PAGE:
Carl C. [Carlyle Ceasar] Council, newspaper publisher and radio and television executive, son of William L. and Ida Herndon Council, was born in Chatham County. His family moved to Durham while he was in his early teens, and as a very small boy he carried a part of a newspaper delivery route for the Durham Morning Herald, working under a subcontract until he was old enough to have a route in his own right.
Council attended elementary and secondary public schools in Durham but, following the death of his father, left school to take a full-time job in the circulation department of the Herald. In 1918 he left the Herald for work with a Durham business firm, but within a few months, through his friendship with E. T. Rollins, he became co-owner of the Herald, purchasing the partnership holdings of Joe King.
In his new role, Council oriented himself in all phases of the work of the paper, assuming increasing responsibility for circulation and advertising and sharing the business management with Rollins. In 1927, Council was given the title of manager. Rollins had great respect and esteem for his young associate, and the business relationship of the two remained cordial. The circulation of the paper increased rapidly, advertising multiplied, and the business was an impressive success. In 1929 the Durham Herald Company bought the local afternoon paper, the Durham Sun, and soon produced both newspapers on an around-the-clock schedule in the same shop.
When Rollins died in 1931, Council assumed the presidency of the company and held it successfully until his death. He directed the growth in circulation of the papers, enhancing their status as advertising media, as opinion molders, and as communicators of news and opinions.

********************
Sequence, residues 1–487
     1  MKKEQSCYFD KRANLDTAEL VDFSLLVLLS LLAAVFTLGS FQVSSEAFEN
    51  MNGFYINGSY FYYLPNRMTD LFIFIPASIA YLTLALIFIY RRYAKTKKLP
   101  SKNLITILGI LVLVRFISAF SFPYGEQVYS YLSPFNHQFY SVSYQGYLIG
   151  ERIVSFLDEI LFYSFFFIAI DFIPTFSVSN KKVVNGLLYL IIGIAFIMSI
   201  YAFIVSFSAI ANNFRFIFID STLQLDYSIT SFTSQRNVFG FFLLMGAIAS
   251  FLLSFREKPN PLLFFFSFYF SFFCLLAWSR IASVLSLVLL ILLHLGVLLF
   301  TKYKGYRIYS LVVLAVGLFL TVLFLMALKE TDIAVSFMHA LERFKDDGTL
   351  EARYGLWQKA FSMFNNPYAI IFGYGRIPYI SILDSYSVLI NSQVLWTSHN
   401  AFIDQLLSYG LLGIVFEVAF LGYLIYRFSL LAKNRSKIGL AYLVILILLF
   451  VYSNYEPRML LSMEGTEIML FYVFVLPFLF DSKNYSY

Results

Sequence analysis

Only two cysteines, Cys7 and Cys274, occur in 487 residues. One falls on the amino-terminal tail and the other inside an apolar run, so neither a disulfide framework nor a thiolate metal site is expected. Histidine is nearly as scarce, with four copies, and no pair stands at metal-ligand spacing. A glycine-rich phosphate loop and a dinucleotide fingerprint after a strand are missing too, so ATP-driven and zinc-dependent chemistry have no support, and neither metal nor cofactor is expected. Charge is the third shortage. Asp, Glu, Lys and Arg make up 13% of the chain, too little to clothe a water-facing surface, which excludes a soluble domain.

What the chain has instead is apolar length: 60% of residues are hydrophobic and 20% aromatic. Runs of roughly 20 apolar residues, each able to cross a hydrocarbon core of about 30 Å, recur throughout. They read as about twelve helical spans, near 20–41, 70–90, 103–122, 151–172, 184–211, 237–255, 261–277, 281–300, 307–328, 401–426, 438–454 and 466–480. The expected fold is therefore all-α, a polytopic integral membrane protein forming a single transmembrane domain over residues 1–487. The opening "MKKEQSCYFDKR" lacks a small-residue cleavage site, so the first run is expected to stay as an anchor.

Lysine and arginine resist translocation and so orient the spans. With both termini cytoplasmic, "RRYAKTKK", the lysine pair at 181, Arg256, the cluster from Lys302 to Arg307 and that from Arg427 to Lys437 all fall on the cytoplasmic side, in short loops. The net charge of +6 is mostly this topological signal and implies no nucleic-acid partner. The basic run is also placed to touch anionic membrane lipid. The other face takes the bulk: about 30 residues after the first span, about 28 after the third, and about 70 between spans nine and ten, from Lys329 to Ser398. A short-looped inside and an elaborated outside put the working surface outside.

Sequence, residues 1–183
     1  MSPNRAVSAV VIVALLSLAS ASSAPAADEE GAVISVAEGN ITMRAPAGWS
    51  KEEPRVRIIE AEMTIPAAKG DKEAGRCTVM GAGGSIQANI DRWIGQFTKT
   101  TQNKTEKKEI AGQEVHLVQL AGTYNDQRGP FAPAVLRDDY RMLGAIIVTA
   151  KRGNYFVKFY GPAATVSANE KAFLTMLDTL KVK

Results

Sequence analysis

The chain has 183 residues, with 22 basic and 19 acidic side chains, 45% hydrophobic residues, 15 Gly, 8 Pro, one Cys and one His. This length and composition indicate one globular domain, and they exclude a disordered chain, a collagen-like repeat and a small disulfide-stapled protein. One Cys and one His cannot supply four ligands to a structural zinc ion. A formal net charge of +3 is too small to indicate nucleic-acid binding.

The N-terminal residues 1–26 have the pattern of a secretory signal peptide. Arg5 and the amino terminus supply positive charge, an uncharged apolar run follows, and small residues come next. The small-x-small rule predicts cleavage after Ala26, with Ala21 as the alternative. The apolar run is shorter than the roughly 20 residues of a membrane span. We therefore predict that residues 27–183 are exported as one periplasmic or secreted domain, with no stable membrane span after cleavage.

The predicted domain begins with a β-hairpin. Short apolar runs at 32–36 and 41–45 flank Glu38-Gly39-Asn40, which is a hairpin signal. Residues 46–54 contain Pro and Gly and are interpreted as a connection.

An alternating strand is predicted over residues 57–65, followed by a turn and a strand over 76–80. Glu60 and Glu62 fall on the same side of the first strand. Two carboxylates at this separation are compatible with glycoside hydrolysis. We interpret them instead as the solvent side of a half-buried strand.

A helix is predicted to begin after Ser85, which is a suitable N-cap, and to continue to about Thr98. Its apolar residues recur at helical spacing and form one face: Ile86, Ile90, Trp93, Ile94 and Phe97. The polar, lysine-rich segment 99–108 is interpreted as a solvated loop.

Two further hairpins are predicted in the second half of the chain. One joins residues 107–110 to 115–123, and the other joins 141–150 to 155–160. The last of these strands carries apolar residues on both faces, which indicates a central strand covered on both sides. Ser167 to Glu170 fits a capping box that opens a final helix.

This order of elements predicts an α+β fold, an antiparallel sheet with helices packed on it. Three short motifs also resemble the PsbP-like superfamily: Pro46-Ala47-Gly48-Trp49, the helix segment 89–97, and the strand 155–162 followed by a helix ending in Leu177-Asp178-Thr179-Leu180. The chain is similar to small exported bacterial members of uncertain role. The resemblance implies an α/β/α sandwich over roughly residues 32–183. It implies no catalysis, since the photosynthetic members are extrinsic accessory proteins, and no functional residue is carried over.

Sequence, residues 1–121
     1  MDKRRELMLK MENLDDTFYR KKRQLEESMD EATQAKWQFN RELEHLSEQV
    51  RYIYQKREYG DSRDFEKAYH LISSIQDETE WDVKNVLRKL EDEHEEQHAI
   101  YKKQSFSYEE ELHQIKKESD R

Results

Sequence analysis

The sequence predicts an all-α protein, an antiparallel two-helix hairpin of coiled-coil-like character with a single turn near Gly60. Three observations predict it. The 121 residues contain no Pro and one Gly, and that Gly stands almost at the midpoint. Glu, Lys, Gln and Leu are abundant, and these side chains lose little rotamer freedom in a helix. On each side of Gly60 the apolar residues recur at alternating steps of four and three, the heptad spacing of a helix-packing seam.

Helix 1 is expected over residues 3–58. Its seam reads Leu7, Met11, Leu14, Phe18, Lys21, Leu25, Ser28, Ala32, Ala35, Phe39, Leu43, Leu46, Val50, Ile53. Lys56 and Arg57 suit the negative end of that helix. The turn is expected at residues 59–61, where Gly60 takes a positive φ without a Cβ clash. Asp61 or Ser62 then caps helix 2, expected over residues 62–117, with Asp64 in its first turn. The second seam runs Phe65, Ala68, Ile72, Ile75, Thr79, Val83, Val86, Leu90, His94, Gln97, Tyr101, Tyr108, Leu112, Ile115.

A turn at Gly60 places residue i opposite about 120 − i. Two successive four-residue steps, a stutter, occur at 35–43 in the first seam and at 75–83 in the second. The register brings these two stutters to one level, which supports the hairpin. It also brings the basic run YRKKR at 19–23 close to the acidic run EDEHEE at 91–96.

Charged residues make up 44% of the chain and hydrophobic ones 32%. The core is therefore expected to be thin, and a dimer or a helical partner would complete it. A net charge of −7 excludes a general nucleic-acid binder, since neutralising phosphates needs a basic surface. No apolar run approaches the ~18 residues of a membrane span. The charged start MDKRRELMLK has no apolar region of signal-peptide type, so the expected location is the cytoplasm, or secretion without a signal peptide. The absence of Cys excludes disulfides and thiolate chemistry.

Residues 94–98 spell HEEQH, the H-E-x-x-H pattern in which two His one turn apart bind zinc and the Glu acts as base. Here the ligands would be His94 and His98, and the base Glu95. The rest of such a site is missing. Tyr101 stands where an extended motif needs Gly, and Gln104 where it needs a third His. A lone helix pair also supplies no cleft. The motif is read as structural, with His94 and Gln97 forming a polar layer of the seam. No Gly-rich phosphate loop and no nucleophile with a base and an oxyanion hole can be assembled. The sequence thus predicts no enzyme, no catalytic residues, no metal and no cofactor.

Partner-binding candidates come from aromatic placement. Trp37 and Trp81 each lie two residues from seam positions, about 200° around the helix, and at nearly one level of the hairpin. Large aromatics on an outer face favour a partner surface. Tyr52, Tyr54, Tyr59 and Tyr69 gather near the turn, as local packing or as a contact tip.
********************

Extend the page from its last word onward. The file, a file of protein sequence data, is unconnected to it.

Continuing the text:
Council was an active churchman. He joined Temple Baptist Church, Durham, in his early youth and through the years served on many of the church's committees and boards, including the board of deacons, of which he was chairman for two terms.
He was equally active in civic affairs in Durham and earned two of the city's top honors: the annual civic award to the outstanding citizen, presented by the Chamber of Commerce in 1941; and the designation as Father-of-the-Year by the Durham Merchants Association in 1962. He was a member of the Durham County Board of Education for fourteen years (1942–56) and served twenty-five years (1939–64) as a member of the city planning and zoning commission. He was founder (1936), president, and treasurer of the Durham Radio Corporation, which was the operator of radio stations WDNC and WDNC-FM, and later of WTVD, until their sale to Capitol Cities Broadcasting Corporation, of which he was a director. He was also a director of the Home Savings and Loan Association, the Security Savings and Loan Association, and the Durham and Southern Railway and chairman of the local board of the North Carolina National Bank.
His civic connections included membership in and the presidency of the Chamber of Commerce, the Durham Community Chest (United Fund), the Durham Merchants Association, and the Rotary Club of Durham and the directorship of the local YMCA.
From his early years with the paper, Council was a leader in various newspaper organizations: the North Carolina Press Association (president, 1936–37), the Southern Newspaper Publishers Association (director), the American Society of Newspaper Publishers, the state and regional organizations of the Associated Press, and other newsgathering organizations.
He served for a number of years, by gubernatorial appointment, as a board member and sometime chairman of the North Carolina Sanitoriums for the Treatment of Tuberculosis. In 1960 he was the state chairman of the Christmas Seal campaign.
Council was married to Mary Frances Stuart on 11 Aug. 1915; they had two children, Carl C., Jr., who lost his life on Anzio Beach in World War II, and Mary Frances (Mrs. Thomas S. White, Jr.), who survived her father. Council died at Duke Hospital, Durham, and was buried in Durham's Maplewood Cemetery.